A data-driven deep dive into a legendary comics author’s subversion of gender norms within the bestselling comic of its time.
By the time Chris Claremont’s run as author of Uncanny X-Men ended in 1991, he had changed comic books forever. During his sixteen years writing the series, Claremont revitalized a franchise on the verge of collapse, shaping the X-Men who appear in today’s Hollywood blockbusters. But, more than that, he told a new kind of story, using his growing platform to articulate transgressive ideas about gender nonconformity, toxic masculinity, and female empowerment.
J. Andrew Deman’s investigation pairs close reading and quantitative analysis to examine gender representation, content, characters, and story structure. The Claremont Run compares several hundred issues of Uncanny X-Men with a thousand other Marvel comics to provide a comprehensive account of Claremont’s sophisticated and progressive gender politics. Claremont’s X-Men upended gender norms: where female characters historically served as mere eye candy, Claremont’s had leading roles and complex, evolving personalities. Perhaps more surprisingly, his male superheroes defied and complicated standards of masculinity. Groundbreaking in their time, Claremont’s comics challenged readers to see the real world differently and transformed pop culture in the process.
J. Andrew Deman is on the faculty in the Department of English Language and Literature at St. Jerome’s University and the author of The Margins of Comics: The Construction of Women, Minorities, and the Geek in Graphic Narrative.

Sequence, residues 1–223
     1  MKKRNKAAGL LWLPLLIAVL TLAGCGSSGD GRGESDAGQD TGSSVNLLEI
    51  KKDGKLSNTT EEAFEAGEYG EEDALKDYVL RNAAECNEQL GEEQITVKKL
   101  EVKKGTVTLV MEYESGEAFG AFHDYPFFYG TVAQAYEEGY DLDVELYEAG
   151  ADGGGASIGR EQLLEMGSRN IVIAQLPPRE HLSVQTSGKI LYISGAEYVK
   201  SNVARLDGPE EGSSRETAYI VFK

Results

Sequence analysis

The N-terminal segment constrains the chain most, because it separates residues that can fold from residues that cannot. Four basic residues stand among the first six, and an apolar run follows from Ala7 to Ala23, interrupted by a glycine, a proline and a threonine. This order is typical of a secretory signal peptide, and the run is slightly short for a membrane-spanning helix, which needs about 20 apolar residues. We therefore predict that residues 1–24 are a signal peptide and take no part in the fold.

In The Claremont Run, J. Andrew Deman presents truly impressive data and shows the ways one might track how gender is represented in comics using various quantitative measures. The author’s qualitative analysis is also well developed and helps make the quantitative data relevant for all types of comics scholars. As questions about how the genre takes on identity politics become more and more prevalent, analyses like Deman’s, which develop complex syntheses rooted in data, will undoubtedly become foundational.
— Sam Langsdale, coeditor of Monstrous Women in Comics
J. Andrew Deman utilizes a mixed-methods framework to highlight how Chris Claremont’s work on the X-Men offered an innovative approach to gender and sexuality. Deman's research supports the often-lauded progressive stance attributed to Claremont by documenting the subtle ways in which his run centered a wide range of female characters and by carefully reconsidering the expectations linked to masculinity. The Claremont Run, in considering gender and bodies, emphasizes how Uncanny X-Men provides pathways for transformation and offers the reader an important way to see the series in a new light.
— Julian C. Chambliss, coeditor of Assembling the Marvel Cinematic Universe: Essays on the Social, Cultural, and Geopolitical Domains
If you were ever curious how much each X-Man talks or thinks on the page, Deman’s book has cataloged and applied it in an essay written with deep love and admiration. It’s the perfect complement for anyone looking to revisit Claremont’s run or read his enduring stories for the first time.
— Eric Vilas-Boas, Vulture
Deman’s book offers us extended meditations on gender in the X-Men. It is a masterful work on the ways Claremont’s run is not only iconic, but achieves a level of gender subversion at a time when comics stood by traditional masculine and feminine roles . . . this is an excellent work of scholarship showing the ways public and academic scholarship can meet to open up new perspectives on works of popular culture.
— International Journal of Comic Art Blog
Foreword. A Danger Room of One’s Own by Jay Edidin
Introduction. X-Women to Watch Out For
Chapter 1. Jean, Moira, and the Archetypal “Claremont Woman”
Chapter 2. Storm: From Mother Goddess to Resolutely Indefinable
Chapter 3. Ladies Night and the Second Generation of Claremont Women
Chapter 4. She Makes Him Nervous: Cyclops’s Baseline Masculinity and the Exchange of Gender Power
Chapter 5. Wolverine as Subversive Masculine Paradigm
Chapter 6. A Spectrum of “Men”: Refracting Masculinities through Nightcrawler and Havok
Conclusion. A Legacy in Waiting
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